To those with a comprehensive understanding of the history of this country, the tenets of critical race theory are far from mind-blowing. Admitting that racism still persists in the U.S. is not a difficult task, nor should it be with the vast evidence that people of color, specifically Black Americans, still grapple with the extensive effects of a society that refuses to even acknowledge, much less address, its own prejudice. Critical race theory simply sheds light on this fact, and aims to study its depth, causes, effects and complexities within American institutions. 

At its core, critical race theory seeks to study the truth of racism in America: in the law, in education, in the past, in the present and in the future. And to racist people, and they should be called what they are, the idea of having this truth studied in schools is truly terrifying.

Critical race theory in the education system


Mira Nalbandian

Critical race theory is integral to examining the education system, and the ways in which it is complicit in racism.

A critical race theory critique of the education system also includes a few key concepts, which are specific to schooling and encompass the previous tenets of a general critical race theory study:

  • Curriculum is white-dominated
  • School discipline predominantly targets students of color, and often paints narrow depictions of their experiences
  • School funding inequity persists
  • Education is still racially segregated

In acknowledging these points, critical race theory also observes how the law fails in recognizing them and enacting change.

One of the clearest examples of the failure of the American legal system to ensure racial equality comes from the well-known court case Brown v. Board of Education. Often displayed as an instance of great progress for the U.S. on the basis of race and education, the Supreme Court and lower levels of authority took practically no steps towards making the decision to desegregate schools effective.

After the Supreme Court unanimously decided that “separate but equal educational facilities for racial minorities is inherently unequal violating the Equal Protection Clause of the Fourteenth Amendment,” the law was nevertheless complicit in maintaining segregation in schools by failing to outline specific criteria for integrating education.

In addition, the U.S. had little motivation to desegregate education besides the need to protect its international image. Segregation was a quite flagrant example of America violating its own ideals of freedom for all, so even the decision to desegregate schools was made primarily on the basis that it benefitted white Americans by restoring their credibility in the international community.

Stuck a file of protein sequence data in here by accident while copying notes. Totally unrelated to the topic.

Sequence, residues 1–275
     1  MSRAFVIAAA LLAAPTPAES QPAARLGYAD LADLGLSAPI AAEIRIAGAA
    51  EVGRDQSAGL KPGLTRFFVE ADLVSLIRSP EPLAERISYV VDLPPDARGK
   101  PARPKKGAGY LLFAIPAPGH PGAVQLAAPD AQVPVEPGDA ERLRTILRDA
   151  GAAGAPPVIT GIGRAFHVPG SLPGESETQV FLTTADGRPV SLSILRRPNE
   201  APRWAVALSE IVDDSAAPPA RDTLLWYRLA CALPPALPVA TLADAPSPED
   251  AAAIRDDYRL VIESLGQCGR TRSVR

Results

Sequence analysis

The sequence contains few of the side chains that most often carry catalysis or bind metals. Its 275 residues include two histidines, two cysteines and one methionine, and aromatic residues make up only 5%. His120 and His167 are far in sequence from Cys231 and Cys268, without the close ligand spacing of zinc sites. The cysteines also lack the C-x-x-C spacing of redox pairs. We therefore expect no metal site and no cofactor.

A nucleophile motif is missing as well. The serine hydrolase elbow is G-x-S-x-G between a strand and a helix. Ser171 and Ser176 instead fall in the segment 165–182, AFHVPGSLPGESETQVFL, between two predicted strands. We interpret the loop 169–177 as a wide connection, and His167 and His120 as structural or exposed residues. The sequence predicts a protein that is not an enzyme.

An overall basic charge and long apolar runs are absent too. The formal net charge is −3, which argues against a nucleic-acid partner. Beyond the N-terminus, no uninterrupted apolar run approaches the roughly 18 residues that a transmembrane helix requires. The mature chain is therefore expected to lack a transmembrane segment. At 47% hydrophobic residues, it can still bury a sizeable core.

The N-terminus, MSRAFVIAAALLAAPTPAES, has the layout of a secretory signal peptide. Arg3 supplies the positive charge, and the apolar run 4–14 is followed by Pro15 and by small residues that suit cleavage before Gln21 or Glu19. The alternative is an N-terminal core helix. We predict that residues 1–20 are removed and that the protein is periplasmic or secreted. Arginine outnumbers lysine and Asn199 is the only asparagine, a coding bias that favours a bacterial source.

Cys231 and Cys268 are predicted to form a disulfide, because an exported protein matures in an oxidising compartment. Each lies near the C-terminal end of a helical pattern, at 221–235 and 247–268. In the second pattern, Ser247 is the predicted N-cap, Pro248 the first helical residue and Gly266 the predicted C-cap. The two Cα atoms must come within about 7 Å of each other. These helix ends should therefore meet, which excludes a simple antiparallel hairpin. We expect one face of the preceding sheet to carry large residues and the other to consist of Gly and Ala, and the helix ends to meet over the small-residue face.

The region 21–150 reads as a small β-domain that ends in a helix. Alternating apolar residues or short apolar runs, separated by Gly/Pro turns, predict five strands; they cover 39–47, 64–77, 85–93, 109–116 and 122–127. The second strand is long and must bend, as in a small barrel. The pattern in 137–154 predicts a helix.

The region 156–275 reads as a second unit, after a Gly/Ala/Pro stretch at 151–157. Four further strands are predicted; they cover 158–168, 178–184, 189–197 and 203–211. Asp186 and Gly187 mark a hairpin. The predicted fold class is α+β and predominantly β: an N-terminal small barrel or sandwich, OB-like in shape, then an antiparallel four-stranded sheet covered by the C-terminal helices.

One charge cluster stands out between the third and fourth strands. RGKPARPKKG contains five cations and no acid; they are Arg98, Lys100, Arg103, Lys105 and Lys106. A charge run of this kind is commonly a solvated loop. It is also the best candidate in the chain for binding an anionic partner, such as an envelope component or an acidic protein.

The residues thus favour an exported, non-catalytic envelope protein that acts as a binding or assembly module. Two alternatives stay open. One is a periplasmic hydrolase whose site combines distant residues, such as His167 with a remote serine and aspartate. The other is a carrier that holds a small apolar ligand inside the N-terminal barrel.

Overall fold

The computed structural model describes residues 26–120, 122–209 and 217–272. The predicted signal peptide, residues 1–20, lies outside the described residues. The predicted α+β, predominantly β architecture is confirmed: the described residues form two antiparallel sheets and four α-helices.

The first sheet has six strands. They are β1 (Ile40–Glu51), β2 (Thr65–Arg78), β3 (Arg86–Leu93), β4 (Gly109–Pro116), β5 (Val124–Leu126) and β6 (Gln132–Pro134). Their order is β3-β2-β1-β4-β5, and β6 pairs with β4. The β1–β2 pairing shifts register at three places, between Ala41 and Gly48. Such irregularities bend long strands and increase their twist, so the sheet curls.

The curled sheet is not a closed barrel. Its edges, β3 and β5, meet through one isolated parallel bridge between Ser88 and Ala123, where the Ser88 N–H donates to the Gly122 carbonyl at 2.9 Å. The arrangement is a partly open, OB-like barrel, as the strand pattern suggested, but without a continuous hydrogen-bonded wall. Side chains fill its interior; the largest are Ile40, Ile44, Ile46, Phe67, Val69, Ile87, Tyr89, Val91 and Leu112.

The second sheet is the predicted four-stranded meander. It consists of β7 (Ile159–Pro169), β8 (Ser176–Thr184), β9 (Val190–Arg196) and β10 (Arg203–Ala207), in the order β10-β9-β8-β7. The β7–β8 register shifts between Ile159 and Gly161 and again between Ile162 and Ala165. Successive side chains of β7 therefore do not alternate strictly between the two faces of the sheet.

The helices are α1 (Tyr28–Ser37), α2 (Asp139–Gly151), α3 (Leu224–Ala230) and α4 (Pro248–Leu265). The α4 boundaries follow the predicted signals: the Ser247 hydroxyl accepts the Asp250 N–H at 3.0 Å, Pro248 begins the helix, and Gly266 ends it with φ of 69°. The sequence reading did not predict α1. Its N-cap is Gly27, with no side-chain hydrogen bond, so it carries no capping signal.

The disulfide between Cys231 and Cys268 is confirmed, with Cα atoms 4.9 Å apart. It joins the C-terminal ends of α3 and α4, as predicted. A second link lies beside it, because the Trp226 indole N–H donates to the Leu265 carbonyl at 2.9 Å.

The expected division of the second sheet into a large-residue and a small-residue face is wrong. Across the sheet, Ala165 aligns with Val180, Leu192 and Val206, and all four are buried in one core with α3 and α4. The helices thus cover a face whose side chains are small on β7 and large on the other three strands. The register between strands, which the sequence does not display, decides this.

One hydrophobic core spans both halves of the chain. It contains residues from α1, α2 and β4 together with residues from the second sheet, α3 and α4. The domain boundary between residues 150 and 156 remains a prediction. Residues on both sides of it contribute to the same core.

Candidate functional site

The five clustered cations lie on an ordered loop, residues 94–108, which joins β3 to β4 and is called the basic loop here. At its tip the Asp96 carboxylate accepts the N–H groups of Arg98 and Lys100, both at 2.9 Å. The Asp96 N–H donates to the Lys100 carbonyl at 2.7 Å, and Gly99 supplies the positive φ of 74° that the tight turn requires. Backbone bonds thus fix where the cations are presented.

Regardless of the motivation, the execution following Brown v. Board of Education was extremely unsuccessful. It took years of legal battles after the decision to eventually have specific measures to uproot segregation, allowing many schools to circumvent the decision for a long time. In addition, the decision failed to account for demographic and social factors, like white flight and redlining, which perpetuate segregation in schools year after year. St. Louis is a heavily segregated city, and our schools reflect that.

Finally, Brown v. Board of Education’s faulty execution caused the loss of Black faculty. When the case was decided, Black teachers and administrators lost jobs advocating for integration, even when racial balance was achieved among the student population.

The goal of critical race theory is to examine why this happened, and point out that the law was complicit in upholding a long history of segregation in schools. If the Supreme Court had clearly outlined in their decision measures to ensure that education was integrated properly, or even if the government had tried to enforce it, we wouldn’t have the same issues we have today. Again, this is the basis of what critical race theory aims to analyze: how our history and our laws have created the racist society we have today, and what we can do to fix it.

The plight of the West County parent


Michael Lolley

Critical race theory can be used to analyze situations in St. Louis, including at our own school.

Unfortunately, critical race theory still can be applied to many events within the education sphere in America’s current climate. Brittany Hogan, Rockwood School District’s former director of diversity and inclusion, was forced out of her job due to the same lies issued by the district’s concerned parents at the meetings in which they compared critical race theory to “child abuse.”